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The First Circuit vacated the preliminary injunction granted to Plaintiffs in this case, holding that the district court abused its discretion in finding that Plaintiffs were likely to succeed on the merits of their arguments challenging United States Immigration and Customs Enforcement's (ICE) policy of civilly arresting individuals attending court on official business.In 2018, ICE issued a directive formalizing its policy of arresting allegedly removable noncitizen in and around state courthouses when they appeared for judicial proceedings. Plaintiffs sued ICE, the United States Department of Homeland Security (DHS), and three DHS officials (collectively, Defendants), challenging the directive and ICE's policy. The district court determined that Plaintiffs were likely to succeed on the merits of their argument that ICE lacked statutory authority under the Immigration and Nationality Act, 8 U.S.C. 1101-1537, to conduct such arrests and preliminarily enjoined ICE from implementing the directive or otherwise civilly arresting individuals attending court on official business anywhere in Massachusetts. The First Circuit vacated the preliminary injunction and remanded the case, holding that Plaintiffs failed to show a likelihood of success on the merits, and the district court's contrary ruling was based on a material error of law. View "Ryan v. U.S. Immigration & Customs Enforcement" on Justia Law

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The First Circuit denied Petitioner's petition for review of an order of the Board of Immigration Appeals (BIA) that denied Petitioner's motion to reconsider his motion to reopen removal proceedings, holding that the BIA did not abuse its discretion.Petitioner, a native and citizen of the Dominican Republic, was charged with being removable from the United States. The Immigration Judge (IJ) sustained the charge of removability and denied Petitioner's application for cancellation of removal. The First Circuit affirmed, holding (1) this Court's precedent forecloses the argument that the IJ lacked jurisdiction to issue the order of removal; (2) the BIA did not abuse its discretion in denying Petitioner's motion to reconsider its denial of Petitioner's motion to reopen; and (3) the BIA did not err in finding that Petitioner failed to make the requisite prima facie case. View "Franjul-Soto v. Barr" on Justia Law

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The First Circuit affirmed the judgment of the Board of Immigration Appeals (BIA) ordering Petitioner's removal, holding that Petitioner's state drug conviction was an "aggravated felony" under the Immigration and Nationality Act (INA), 8 U.S.C. 1101(a)(43); 1227(a)(2)(A)(iii).Petitioner, a native and citizen of the Dominican Republic, pled guilty to drug possession with the intent to distribute, in violation of Mass. Gen. Laws ch. 94C, 32A(a). The Department of Homeland Security sought to remove him because his drug conviction constituted an aggravated felony under the INA. An immigration judge ruled that Petitioner was removable. The BIA affirmed. The First Circuit affirmed, holding that because the mens rea to convict an accomplice under section 32A(a) is no broader than under the Controlled Substances Act, Petitioner's state drug conviction amounted to illicit trafficking in a controlled substance and thus an aggravated felony under the INA. View "Soto-Vittini v. Barr" on Justia Law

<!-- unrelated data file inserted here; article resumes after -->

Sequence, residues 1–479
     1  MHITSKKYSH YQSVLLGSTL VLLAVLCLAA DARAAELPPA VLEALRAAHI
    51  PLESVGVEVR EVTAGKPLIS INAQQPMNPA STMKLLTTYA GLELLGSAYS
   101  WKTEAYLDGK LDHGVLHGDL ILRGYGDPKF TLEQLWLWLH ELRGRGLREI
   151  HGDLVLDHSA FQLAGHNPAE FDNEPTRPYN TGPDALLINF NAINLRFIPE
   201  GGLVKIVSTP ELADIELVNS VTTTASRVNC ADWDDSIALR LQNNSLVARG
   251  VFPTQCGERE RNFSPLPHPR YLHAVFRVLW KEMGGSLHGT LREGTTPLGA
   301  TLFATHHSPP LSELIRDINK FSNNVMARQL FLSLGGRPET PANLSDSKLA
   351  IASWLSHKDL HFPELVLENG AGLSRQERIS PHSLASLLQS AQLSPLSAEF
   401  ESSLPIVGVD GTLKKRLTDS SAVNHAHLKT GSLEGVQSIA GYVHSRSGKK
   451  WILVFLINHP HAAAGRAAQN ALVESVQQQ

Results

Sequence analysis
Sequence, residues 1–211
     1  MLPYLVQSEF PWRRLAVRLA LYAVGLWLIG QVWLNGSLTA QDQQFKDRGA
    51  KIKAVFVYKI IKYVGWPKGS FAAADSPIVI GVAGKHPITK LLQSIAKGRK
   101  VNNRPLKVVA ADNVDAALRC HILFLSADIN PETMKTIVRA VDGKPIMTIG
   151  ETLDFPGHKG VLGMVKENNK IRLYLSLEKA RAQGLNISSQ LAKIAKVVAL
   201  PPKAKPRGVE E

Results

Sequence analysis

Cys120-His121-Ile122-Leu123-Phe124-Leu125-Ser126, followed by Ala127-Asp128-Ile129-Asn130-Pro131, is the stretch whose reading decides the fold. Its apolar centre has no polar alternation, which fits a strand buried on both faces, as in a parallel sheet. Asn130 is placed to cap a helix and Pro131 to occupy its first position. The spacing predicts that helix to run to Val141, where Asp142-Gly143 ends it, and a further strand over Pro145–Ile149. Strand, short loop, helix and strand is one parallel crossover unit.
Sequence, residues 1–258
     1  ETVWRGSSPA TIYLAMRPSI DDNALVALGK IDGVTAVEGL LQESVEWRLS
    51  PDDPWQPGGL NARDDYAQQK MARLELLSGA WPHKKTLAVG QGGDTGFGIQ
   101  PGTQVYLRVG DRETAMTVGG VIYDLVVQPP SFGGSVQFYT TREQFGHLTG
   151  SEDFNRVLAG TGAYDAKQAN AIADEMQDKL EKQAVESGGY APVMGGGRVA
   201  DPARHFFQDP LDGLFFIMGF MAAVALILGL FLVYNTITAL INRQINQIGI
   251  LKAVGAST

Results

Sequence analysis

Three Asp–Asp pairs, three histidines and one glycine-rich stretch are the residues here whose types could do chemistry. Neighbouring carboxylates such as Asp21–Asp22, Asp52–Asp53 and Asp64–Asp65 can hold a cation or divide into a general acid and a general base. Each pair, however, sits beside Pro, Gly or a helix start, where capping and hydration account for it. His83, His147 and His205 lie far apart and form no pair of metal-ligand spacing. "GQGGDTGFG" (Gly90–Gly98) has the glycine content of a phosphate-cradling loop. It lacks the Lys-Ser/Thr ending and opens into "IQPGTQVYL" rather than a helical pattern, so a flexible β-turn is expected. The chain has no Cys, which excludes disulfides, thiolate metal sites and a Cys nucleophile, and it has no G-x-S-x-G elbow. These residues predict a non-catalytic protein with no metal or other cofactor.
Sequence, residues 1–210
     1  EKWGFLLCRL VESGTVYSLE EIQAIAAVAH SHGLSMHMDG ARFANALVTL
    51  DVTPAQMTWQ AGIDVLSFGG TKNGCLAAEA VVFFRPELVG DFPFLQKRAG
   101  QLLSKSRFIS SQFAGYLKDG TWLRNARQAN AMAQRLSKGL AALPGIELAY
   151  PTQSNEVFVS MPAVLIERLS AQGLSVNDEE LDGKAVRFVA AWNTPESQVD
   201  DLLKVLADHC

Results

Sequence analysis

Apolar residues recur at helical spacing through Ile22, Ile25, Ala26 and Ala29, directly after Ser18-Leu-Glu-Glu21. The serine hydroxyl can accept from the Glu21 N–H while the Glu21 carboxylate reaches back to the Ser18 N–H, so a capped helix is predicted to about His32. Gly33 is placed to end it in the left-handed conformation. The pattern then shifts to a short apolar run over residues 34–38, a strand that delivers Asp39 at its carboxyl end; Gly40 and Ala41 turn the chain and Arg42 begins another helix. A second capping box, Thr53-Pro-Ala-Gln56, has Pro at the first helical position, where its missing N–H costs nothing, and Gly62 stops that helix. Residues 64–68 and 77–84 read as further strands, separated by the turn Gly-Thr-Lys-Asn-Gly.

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The First Circuit affirmed the decision of the Board of Immigration Appeals (BIA) denying Petitioner's request for temporary protected status (TPS) under 8 U.S.C. 1254a, holding that the BIA did not err in finding that Petitioner's ninety-eight-day absence from the country was not "brief, casual, and innocent" under the regulations.Petitioner entered the United States on December 27, 1997. Since then, Petitioner spent ninety-eight days outside the United States pursuant to an order of removal. In his TPS request, Petitioner argued that he could excuse the ninety-eight days at issue as "brief, casual, and innocent" under 8 U.S.C. 1254a(c)(4)(A)-(B) because an immigration judge later rescinded his order of removal. The BIA denied Petitioner's request, determining that the rescission of removal order was improper. The First Circuit affirmed, holding that the BIA correctly found that the immigration judge's rescission order was not proper, and therefore, Petitioner's absence from the country was not brief, casual, and innocent. View "Machado Sigaran v. Barr" on Justia Law

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The First Circuit denied Petitioner's petition for review of the Board of Immigration Appeals' (BIA) decision to deny his application for deferral of removal under the United Nations Convention Against Torture (CAT), holding that Petitioner was not eligible for deferral of removal under the CAT.Petitioner, who was born in Venezuela, was convicted of heroin trafficking in the United States. Petitioner was subsequently served with a notice informing him that he was removable as an alien convicted of an aggravated felony. Petitioner requested withholding of removal under CAT protection, stating that if he returned to Venezuela he feared retaliation by drug traffickers, as well as persecution, torture, and death because of his earlier membership in a Venezuelan opposition political party. An immigration judge (IJ) denied Petitioner's application, and the BIA dismissed Petitioner's appeal. The First Circuit affirmed, holding that the record did not compel the conclusion that Petitioner demonstrated eligibility for deferral of removal under the CAT. View "Sanabria Morales v. Barr" on Justia Law

Posted in: Immigration Law